Column: Looking at Mars as an economic stimulus

This undated photo provided by NASA and taken by an instrument aboard the agency's Mars Reconnaissance Orbiter shows dark, narrow, 100 meter-long streaks on the surface of Mars that scientists believe were caused by flowing streams of salty water. (NASA/JPL/University of Arizona via AP)

This undated photo provided by NASA and taken by an instrument aboard the agency's Mars Reconnaissance Orbiter shows dark, narrow, 100 meter-long streaks on the surface of Mars that scientists believe were caused by flowing streams of salty water. (NASA/JPL/University of Arizona via AP)

Recently, scientists were able to confirm that liquid water flowed on the surface of Mars. Such a discovery could prove to be monumental in the search for extraterrestrial life in our universe. While not direct evidence of such a fact, water is an essential component of life on Earth and could form the basis of life elsewhere as well.

Where NASA once believed that the dusty red planet was uninhabitable by humans, the discovery of water challenges such notions. NASA’s associate administrator for science, John M. Grunsfield, discussed launching spacecraft to certain areas of Mars to directly search for any signs of life, saying, “I can’t imagine that it won’t be a high priority with the scientific community.”

While these findings are exciting in their own right and the search for extraterrestrial life has been one of humanity’s burning pursuits, there also exists the possibility of current and tangible benefits in the form of economics.

Last month showed very poor job growth in the United States, with the Labor Department showing that the unemployment rate remained at 5.1 percent while wage gains fell, the overall labor force was reduced in size and fewer positions were established by employers, according to The New York Times. Diane Swonk, the chief economist at Mesirow Financial in Chicago, warned that the current, dismal state of the economy is likely to persist for some time. That distant red planet could offer consolation to the abysmal conditions of the economy.

The journey to Mars could become humanity’s next space race, harkening back to the era of the same name during the Cold War. A few scraps of metal and a transmitter launched from a facility in current-day Kazakhstan represented Russia’s first foray into space in the form of Sputnik all those years ago.

This event demanded a response from the United States, who retaliated by planning their journey into that same dark void. Thus, NASA was born and science, technology, math and engineering education saw a significant rise in investment at the hands of President Eisenhower while President John F. Kennedy vowed to put a man on the moon within the decade. America was enthralled in this effort, a unified machine working towards the same lofty goal.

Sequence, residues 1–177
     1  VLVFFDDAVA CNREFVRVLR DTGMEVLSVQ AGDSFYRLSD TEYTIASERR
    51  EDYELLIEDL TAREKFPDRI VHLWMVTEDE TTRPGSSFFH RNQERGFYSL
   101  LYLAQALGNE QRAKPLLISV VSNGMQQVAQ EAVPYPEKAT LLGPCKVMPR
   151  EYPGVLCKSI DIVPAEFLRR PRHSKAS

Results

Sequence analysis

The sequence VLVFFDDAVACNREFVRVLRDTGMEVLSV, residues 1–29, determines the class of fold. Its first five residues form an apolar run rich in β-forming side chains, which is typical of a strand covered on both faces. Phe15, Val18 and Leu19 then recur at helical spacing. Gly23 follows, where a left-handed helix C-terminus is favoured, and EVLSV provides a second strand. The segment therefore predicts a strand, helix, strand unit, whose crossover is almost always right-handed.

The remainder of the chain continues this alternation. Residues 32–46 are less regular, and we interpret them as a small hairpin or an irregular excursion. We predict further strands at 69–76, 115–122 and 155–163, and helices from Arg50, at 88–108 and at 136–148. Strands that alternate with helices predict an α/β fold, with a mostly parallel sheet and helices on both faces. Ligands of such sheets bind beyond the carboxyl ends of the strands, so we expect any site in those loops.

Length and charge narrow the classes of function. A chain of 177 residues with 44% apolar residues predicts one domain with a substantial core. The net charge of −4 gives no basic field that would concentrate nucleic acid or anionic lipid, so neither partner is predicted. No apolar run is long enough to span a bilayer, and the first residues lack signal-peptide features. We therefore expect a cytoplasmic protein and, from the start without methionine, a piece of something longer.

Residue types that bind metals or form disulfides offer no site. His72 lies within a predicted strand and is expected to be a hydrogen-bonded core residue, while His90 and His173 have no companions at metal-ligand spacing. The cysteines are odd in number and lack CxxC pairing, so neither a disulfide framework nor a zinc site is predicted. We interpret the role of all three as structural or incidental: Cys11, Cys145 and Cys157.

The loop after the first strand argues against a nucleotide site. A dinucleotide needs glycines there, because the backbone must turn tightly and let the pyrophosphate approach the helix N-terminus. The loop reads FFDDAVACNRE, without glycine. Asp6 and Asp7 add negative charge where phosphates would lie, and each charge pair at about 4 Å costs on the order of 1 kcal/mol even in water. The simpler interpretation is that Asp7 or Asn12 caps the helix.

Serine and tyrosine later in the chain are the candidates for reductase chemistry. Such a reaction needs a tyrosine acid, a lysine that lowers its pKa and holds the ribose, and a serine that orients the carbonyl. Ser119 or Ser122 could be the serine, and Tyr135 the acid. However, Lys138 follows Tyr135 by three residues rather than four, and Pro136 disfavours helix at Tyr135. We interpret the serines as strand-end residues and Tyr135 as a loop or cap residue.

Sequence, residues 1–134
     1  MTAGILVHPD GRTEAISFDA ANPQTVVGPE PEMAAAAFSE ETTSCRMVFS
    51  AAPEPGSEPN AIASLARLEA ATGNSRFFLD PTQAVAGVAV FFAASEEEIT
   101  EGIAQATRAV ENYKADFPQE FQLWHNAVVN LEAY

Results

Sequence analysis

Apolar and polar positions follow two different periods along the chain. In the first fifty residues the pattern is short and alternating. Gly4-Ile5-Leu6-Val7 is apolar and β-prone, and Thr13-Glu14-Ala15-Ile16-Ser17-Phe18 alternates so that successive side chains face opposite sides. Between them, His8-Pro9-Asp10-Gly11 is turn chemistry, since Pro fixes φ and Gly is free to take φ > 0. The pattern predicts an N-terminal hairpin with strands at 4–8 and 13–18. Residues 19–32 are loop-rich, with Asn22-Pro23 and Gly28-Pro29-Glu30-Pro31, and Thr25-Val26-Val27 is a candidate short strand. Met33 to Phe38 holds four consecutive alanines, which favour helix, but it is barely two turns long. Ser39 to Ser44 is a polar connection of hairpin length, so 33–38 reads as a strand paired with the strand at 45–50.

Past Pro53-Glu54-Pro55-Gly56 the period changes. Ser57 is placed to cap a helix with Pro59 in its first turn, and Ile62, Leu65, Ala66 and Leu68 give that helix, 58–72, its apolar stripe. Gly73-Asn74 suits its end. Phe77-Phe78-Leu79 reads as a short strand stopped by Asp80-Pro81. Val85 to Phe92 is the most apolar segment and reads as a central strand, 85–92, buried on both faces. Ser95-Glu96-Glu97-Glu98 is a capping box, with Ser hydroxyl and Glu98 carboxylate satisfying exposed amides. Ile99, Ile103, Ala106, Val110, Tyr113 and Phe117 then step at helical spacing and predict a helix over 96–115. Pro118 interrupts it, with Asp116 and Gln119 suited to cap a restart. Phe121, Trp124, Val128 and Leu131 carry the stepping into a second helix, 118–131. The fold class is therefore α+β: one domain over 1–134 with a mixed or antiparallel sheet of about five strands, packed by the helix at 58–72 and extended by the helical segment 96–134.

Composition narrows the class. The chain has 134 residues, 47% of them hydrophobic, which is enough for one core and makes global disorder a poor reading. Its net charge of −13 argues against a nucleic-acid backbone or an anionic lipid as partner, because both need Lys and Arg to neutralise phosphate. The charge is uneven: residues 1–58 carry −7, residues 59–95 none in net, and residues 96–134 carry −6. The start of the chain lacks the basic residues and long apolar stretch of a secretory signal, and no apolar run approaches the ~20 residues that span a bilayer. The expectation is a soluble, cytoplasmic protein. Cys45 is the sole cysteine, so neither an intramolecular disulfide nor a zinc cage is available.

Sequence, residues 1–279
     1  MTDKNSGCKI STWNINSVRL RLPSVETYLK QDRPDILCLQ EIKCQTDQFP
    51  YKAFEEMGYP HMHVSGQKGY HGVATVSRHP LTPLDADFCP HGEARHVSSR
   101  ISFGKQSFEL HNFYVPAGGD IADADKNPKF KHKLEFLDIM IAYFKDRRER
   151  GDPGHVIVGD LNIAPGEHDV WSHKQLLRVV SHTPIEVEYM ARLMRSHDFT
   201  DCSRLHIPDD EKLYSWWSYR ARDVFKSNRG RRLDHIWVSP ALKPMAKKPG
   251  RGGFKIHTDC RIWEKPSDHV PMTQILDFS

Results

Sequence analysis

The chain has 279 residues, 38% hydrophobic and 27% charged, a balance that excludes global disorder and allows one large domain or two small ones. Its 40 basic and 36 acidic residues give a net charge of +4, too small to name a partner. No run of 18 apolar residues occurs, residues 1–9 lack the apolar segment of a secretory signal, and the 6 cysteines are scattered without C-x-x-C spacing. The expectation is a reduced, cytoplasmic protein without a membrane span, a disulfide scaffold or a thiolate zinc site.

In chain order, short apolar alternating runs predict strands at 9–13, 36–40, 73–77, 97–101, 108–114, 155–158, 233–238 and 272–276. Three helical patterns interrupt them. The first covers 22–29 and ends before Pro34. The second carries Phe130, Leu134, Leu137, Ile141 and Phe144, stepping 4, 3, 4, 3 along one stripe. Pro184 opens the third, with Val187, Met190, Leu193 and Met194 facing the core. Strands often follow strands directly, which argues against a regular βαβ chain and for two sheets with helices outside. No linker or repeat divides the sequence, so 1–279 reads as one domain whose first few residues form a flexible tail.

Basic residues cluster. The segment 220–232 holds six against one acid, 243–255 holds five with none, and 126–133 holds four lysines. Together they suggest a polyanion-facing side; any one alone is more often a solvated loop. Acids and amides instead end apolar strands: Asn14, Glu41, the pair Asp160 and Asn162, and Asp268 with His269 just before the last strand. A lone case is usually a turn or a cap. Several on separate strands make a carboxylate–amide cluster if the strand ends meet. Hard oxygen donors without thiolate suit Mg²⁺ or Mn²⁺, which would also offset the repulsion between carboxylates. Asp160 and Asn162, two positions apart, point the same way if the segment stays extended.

The space race spawned a whole generation of scientists, engineers and dreamers who took their eyes from the woes of our world and looked up at the stars. That era also saw the rise of a plethora of technologies in use today including satellite navigation, water purification systems, tremendous advances in aerospace engineering and medical imaging technologies. It truly was an age of wonder and prosperity, both at the time and for subsequent generations.

Since then, America has stagnated. Our global rankings for science, math and reading have faltered, with 29 nations and jurisdictions outranking us in these areas. The focus has shifted from the sky to the ground, from the discovery of new worlds to wars with old enemies. America seems to have lost its sense of wonder, instead being content with the way things are. As the numbers reported by the Labor Department show, however, America could stand to improve in many ways.

A full-fledged, united effort to explore Mars could prove to be an economic stimulus package on a galactic scale. The journey to Mars could represent the next space race, spawning a whole new generation of scientists and engineers. Such an effort would have the possibility to create a vast number of new jobs, from aerospace engineering to construction, psychologists to physicians –perhaps even xenobiologists.

The benefits of this journey to Mars would also trickle down to America’s education system, potentially boosting lagging numbers in math and science with increased federal funding. But perhaps most important of all, in a time of economic turmoil and rampant, senseless violence across the nation, it could make America look to the stars and dream again.


Vinay Maliakal is associate opinion editor for The Daily Campus. He can be reached via email at vinay.maliakal@uconn.edu.